SUFU 2021: Impact of Technique on Outcomes With Botulinum Toxin Injection

( Dr. Michael Kennelly’s lecture centered on the specifics of Botulinum toxin (BTX) injections. The standard injections are: 

 • OAB: 20 intra-detrusor injections of 0.5 mL
(100 U in 10 mL = 5 U per 0.5 mL injection + 1 mL flush (saline)
• NDO: 30 intra-detrusor injections of 1,05 mL
(200 U in 30 mL = 6.7 U per 1.0 mL injection + 1 mL flush (saline)

Instructions included priming the needle with approximately 1 mL of BTX prior to starting the injections so as to remove any air. To inject approximately 1 cm apart and approximately 2 mm deep and with the final injection, inject approximately 1 mL of non-preserved saline so that the remaining BTX in the needle is delivered to the bladder.  A successful outcome is determined by physician technique, product performance, and patient factors. His lecture focused on the physician technique. He noted the variables affecting injection technique including BTX dose, injection location (local vs diffuse, detrusor vs submucosal, trigone vs non-trigone), number of injections, concentration and volume of injection, equipment used (rigid vs flexible scope), and ancillary procedures (hydrodistension).

BTX studies have shown a dose-dependent efficacy but higher doses can lead to retention. The therapeutic effect does not depend on the number of injections but rather on the BTX dose and solutions. The injection location can be either submucosal, where the sensory receptors on urothelial cells are found and where adenosine triphosphate (ATP) is released, or in the detrusor muscle (2-4 mm deep) which is rich in acetylcholine motor nerves. BTX-A blocks ATP release and decreases acetylcholine (ACh) release. Depending on the bladder wall thickness, deep injections could diffuse out of the bladder and superficial injections could diffuse out of the needle site limiting effectiveness. Originally, injecting in the trigone was not recommended because of a concern of vesicoureteral reflux but that has been disproved.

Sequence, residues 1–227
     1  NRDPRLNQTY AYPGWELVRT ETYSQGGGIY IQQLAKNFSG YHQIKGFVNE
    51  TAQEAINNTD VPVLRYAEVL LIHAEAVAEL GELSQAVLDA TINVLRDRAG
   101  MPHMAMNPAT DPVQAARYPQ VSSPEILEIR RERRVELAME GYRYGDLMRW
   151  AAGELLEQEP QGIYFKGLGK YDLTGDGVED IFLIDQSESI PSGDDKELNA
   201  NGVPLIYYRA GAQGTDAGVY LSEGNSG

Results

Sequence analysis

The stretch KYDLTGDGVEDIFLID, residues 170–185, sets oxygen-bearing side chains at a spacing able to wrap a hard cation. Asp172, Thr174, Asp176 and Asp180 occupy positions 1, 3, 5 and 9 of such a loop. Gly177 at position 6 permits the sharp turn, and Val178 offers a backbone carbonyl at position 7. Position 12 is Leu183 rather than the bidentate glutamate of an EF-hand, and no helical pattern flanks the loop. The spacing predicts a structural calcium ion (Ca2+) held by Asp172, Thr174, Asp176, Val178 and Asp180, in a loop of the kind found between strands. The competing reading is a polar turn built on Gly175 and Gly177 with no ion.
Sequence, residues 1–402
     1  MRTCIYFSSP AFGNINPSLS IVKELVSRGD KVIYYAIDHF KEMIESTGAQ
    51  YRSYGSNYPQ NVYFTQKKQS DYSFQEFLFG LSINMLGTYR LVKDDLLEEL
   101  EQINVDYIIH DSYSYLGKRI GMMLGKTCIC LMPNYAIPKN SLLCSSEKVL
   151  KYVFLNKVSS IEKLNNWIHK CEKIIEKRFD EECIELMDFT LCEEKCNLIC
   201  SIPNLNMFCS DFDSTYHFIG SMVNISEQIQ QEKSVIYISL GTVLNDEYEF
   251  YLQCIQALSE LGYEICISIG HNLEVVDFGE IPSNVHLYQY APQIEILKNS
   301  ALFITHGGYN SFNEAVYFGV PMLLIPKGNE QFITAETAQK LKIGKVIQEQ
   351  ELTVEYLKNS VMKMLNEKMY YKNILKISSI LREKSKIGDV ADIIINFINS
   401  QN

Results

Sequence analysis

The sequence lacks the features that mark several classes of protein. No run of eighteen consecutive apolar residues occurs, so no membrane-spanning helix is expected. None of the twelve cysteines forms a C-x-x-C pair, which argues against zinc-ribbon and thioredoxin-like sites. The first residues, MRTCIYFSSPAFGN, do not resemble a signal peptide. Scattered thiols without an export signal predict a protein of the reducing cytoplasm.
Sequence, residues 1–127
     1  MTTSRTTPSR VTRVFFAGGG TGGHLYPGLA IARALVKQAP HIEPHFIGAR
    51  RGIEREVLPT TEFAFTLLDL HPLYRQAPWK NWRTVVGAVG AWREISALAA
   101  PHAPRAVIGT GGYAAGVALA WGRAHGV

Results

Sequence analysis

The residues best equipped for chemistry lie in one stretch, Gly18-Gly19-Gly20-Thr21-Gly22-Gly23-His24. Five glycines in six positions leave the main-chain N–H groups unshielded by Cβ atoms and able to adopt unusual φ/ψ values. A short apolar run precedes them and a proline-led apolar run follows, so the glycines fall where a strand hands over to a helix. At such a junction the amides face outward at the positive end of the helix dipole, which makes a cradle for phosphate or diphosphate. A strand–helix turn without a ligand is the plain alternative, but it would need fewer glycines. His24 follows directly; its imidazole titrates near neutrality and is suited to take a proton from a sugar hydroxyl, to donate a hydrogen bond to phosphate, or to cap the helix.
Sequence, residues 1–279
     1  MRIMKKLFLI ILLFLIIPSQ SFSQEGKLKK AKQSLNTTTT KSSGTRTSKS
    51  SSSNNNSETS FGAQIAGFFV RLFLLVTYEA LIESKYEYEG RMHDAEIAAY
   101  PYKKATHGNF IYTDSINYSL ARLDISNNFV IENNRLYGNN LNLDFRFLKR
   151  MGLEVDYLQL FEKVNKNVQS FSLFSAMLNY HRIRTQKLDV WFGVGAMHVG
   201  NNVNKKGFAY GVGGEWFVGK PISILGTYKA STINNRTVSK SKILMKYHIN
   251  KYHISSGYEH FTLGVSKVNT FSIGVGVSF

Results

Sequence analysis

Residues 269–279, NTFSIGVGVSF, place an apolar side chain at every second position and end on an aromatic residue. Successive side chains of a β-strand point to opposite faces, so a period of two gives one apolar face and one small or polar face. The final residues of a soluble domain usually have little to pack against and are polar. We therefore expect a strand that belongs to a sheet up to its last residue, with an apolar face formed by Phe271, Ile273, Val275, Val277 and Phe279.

As to the injection volume, Dr. Kennelly feels there are advantages and disadvantages. Injecting a volume of 0.5 mL is a quicker procedure, fewer syringes are used, less patient pain but there is a higher chance of fluid loss if the needle is not placed in the urothelium. Injecting 1.0 mL has a better chance of correct placement as you can inject deeper, there are more surface area coverage and better vision of injection location.  In conclusion, Dr. Kennelly feels following specific techniques for BTX injections can lead to improved outcomes. 

Presented by: Michael J. Kennelly, MD FACS Professor, Department of Urology & Gynecology, Director, Charlotte Continence Center Carolinas Medical Center, Atrium Health, Charlotte, NC

Written by: Diane K. Newman, DNP, CRNP, FAAN, BCB-PMD, Nurse Practioner and Co-Director, Penn Center for Continence and Pelvic Health Adjunct Professor of Urology in Surgery during the 2021 Society of Urodynamics, Female Pelvic Medicine & Urogenital Reconstruction (SUFU) Winter Meeting.